Saturday, 21 May 2011

Medieval Wedding Car Tin Can Helmets

Medieval Wedding Car Tin Can Helmets

I know it’s not customary during medieval times to have tin cans jingling behind the wedding transportation, but if your going to have a medieval wedding but you still what to do the whole tin cans thing, medieval helmets are the perfect thing!

To make Medieval Wedding Car Tin Can Helmets you will need…

Tin cans in assorted sizes. But Baby milk tins are good because they are nice and big and made of thin metal that you can bend. Cappuccino stick tins are also good, and disposing of the contents is rather enjoyable. The number of tins depends on how many you want to trail behind. I made 9 helmets to trail off 3 lengths of string.
You will also need silver paint,
Black Humbrol paint,
Tin snippers,
Marker pen,

First you need to empty the tins, wash them out and leave them to dry.

Then take a hammer and a big screw, and with the tin upside down, make a hole in the base of each of the tins.

With a marker pen, measure about 7cm up from the open edge of the tin all round. Mark one point on the open edge on the tin – This is the front, its best to have the seam of the tin directly behind. Draw a straight line from this point to the base of the tin.

From this point measure 3cm around the edge on either side of the point.

Now go to where the line crosses the line around the tin. Mark 5cm around the tin and mark on the line on both sides of the crossing point. Then join up the measured points to make a ‘roof’ like shape on the tin. This will be the helmets mouth guard.

Use the tin snippers to cut out the roof shape and to cut along the line around the tin. Discard the left over bits of tin.

If you want to add shape to your tin, simply bend down the front edge line of the helmet, so that that line has a bit of a crease.

Then spray paint your tins Silver. Keep the tin of paint moving whilst you are spraying and try to make the coats even. You may need a couple of coats to get it covered properly. Follow the instructions on the spray paint tin and make sure you are in a ventilated room.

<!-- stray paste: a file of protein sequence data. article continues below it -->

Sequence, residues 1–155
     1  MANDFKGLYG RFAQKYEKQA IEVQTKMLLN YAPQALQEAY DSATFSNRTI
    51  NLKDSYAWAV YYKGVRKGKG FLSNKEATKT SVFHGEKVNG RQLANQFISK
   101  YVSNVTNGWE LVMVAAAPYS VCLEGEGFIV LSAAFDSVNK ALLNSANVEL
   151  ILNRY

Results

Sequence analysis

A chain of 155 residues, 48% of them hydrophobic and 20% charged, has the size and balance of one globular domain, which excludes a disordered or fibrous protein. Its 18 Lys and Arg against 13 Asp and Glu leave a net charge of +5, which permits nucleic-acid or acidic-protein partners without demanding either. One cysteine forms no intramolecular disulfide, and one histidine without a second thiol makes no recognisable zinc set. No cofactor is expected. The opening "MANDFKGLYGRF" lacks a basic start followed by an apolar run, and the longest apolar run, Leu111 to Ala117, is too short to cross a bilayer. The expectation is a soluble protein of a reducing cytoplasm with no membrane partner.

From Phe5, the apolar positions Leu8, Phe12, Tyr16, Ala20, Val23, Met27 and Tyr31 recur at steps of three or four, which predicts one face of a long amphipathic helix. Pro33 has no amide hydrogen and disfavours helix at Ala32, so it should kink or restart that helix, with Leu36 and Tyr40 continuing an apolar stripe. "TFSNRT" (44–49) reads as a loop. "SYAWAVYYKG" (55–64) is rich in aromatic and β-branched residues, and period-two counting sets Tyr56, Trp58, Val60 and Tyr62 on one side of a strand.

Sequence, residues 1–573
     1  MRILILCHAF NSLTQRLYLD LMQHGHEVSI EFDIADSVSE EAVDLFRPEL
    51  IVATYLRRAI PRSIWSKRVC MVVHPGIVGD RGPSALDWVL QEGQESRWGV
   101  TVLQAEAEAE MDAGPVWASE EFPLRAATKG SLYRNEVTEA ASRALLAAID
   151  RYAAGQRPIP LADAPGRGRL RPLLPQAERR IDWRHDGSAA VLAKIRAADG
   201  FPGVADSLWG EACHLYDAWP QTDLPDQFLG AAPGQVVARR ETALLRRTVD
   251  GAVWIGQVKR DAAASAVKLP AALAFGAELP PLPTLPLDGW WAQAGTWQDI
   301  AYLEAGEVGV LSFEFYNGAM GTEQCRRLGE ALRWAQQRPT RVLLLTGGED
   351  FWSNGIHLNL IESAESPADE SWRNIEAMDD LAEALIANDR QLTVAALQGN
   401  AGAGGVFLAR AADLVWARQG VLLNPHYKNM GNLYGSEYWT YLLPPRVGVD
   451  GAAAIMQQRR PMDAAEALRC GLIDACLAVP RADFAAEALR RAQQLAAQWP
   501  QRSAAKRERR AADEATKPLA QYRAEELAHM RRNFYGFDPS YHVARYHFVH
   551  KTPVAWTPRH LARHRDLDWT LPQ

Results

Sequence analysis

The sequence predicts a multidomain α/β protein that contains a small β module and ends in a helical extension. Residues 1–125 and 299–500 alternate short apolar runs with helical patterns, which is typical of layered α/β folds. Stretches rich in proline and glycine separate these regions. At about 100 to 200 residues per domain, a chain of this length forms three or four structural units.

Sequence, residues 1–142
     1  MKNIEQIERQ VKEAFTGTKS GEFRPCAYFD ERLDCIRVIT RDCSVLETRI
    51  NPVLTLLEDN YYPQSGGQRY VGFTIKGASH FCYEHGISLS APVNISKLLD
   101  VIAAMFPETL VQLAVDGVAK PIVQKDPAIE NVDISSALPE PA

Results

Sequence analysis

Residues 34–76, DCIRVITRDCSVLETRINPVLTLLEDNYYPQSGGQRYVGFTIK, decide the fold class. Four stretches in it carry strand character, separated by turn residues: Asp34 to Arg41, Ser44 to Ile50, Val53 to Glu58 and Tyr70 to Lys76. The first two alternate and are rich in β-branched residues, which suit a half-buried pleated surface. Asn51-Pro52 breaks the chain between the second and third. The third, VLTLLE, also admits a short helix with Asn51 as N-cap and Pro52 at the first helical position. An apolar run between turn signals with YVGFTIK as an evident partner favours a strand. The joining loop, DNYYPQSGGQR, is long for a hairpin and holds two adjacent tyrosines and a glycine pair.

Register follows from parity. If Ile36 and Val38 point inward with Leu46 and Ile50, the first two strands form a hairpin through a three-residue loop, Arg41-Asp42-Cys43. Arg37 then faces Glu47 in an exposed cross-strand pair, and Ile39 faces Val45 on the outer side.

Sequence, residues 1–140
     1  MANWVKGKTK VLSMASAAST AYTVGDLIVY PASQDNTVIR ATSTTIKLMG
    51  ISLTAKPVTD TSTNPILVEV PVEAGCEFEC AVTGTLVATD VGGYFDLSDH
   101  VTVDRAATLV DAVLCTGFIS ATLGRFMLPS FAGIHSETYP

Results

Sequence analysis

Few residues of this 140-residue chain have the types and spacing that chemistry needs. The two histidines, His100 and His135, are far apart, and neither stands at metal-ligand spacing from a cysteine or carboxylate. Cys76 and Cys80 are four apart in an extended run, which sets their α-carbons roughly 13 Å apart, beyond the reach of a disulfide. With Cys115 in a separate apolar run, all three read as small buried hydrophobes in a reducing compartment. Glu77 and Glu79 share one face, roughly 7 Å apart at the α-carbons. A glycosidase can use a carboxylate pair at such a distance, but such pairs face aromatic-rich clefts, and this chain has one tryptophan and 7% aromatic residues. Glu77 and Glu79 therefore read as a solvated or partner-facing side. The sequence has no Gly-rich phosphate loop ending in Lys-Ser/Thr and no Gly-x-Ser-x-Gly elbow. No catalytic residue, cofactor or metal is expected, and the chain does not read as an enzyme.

When the paint is dry, you can use the black Humbrol paint to paint on the helmets features, eye holes, and holes in the mouth guard. I pained each of my helmets differently. Again leave to dry.

Next you need to thread the tins onto string. I tried threading onto ribbon, but the tin cuts through the ribbon in next to no time. The tins still do cut through the string, but it is more durable then ribbon, and takes longer, giving the bridal car time to get down the road before they start to loose helmets. Make yourself a makeshift needle with some wire to make life easier.

First tie a knot in the string where you want the tin to rest, and then thread a bead on, and then thread a helmet on, then another bead and then make another knot. Leave a foot or so, and then make another knot, bead, helmet, bead, knot for the second helmet. And repeat the process for the third helmet. This spaces the helmet tins out so that they look nice, but they can still jangle together.

Then simply tie the string ends to the centre of the back bumper.